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A seed to grow a learning community for the future

  • Students attend the first day of school at Highbridge Hill Elementary in New Ipswich on Aug. 28. Tony Marquis / Monadnock Ledger-Transcript



Monday, September 04, 2017 6:32PM

Education is changing. Tech can bring master curricula to anyone with a device, which frees teachers to mentor individuals. Private, home and charter schools change the way youth learn. Lower birth rates mean we need fewer public school buildings, yet costs continue to rise. The dwindling middle class and growing ranks of poor means more kids come to school hungry and unprepared. Many early learning, after-school, summer and extracurricular offerings exist, yet often the kids who need them most have the least access. Meanwhile, vocational re-training, entrepreneur mentoring and adult learning opportunities extend the breadth of education far beyond what we consider traditional schooling.

At the same time, the needs of the workplace and civil society are changing. Employers need explorers, the specialists who keep advancing their products. They need managers who understand tech basics enough to integrate teams and communicate with all kinds of people. They need skilled detail people who assemble, test and problem solve. They need salespeople, who can analyze customers’ needs and represent their companies with charisma and effectiveness. And all these citizens need to be able to sift through increasingly confusing information and choose good leaders.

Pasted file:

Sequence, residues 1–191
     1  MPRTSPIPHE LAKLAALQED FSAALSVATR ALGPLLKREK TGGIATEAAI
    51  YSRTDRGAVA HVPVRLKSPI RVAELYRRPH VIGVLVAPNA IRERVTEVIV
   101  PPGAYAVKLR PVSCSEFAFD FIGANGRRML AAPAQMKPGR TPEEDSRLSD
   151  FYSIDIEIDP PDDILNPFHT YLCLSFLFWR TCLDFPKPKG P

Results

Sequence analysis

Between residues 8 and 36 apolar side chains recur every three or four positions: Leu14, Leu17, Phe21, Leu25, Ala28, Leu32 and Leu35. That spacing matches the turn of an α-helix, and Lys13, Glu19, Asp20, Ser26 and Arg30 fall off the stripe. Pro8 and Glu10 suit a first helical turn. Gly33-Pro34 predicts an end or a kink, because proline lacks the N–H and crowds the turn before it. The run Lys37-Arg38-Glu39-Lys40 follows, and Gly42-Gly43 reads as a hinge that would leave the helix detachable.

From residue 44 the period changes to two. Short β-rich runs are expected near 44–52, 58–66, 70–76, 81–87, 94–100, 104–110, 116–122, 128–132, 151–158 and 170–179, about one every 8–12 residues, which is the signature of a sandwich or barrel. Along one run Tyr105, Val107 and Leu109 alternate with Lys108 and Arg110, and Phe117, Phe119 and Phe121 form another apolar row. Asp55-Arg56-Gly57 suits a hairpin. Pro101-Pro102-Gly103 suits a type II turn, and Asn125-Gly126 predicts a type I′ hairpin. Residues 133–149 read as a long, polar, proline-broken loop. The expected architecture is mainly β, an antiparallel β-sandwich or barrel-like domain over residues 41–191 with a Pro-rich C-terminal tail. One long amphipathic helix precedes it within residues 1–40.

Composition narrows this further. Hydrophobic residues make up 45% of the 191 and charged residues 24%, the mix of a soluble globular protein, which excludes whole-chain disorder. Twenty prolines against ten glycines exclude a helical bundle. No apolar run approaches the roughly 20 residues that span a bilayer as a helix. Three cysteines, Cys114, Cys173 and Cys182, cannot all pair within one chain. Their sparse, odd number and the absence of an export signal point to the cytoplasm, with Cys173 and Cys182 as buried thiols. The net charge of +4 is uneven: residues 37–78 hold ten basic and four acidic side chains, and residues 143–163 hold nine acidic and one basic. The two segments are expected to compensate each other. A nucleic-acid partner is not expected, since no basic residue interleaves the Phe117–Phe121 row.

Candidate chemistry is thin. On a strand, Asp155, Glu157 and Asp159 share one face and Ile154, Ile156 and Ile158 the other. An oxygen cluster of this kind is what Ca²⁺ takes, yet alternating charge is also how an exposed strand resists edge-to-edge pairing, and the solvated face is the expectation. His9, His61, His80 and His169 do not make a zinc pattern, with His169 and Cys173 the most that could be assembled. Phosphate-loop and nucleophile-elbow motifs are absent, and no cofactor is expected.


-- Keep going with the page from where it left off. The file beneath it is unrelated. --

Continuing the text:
The post-WWII classroom developed to meet the needs of America’s burgeoning mass-production factories and common family farms. Children were treated en masse, as if they were parts on an assembly line. Summertime, from planting to harvest, required time off.

Traditional classrooms also assumed a different type of student. Churches, two-parent and extended families taught obedience, hard work and responsibility for family and fellow man. Interactions with siblings developed teamwork skills. Youngsters today typically have had more exposure to media than to church and extended family combined. They likely have few, if any, siblings.

Teachers now must focus on building these soft skills. Computers can deliver individualized instruction in subjects like math and reading, but they are only tools that empower teachers to break out of the mass-instruction paradigm.

Meanwhile, because birth rates have dropped and technology reconfigures the workplace every decade, adults must stay in the workforce longer and expect to learn new skills well into their senior years. What a change from my childhood, where brains were thought to stop developing around the same time the body matured!

All this begs the two questions we’ll be exploring at our Sept. 12 Community Conversation: What resources do we have already in our regional learning community? What would an ideal learning community – for all ages and across varied interests – look like if we integrated and supercharged those resources? We will start with the viewpoints of providers, but then add those of employers, parents, seniors, teachers, students, taxpayers and dreamers.

This session is for analyzing our resources and dreaming. If we glimpse possibility, if we can envision a future that might just be attainable, if we are willing to investigate and collaborate to reach it, this conversation could be the seed. And this seed might grow into a new way of living, in concert with our society, our workplaces and each other.

Please join us Tuesday, Sept. 12 at Bass Hall in Peterborough to discuss how we might create learning communities for the future.

Jeanne Dietsch will moderate the Sept. 12 Community Conversation at Bass Hall in Peterborough.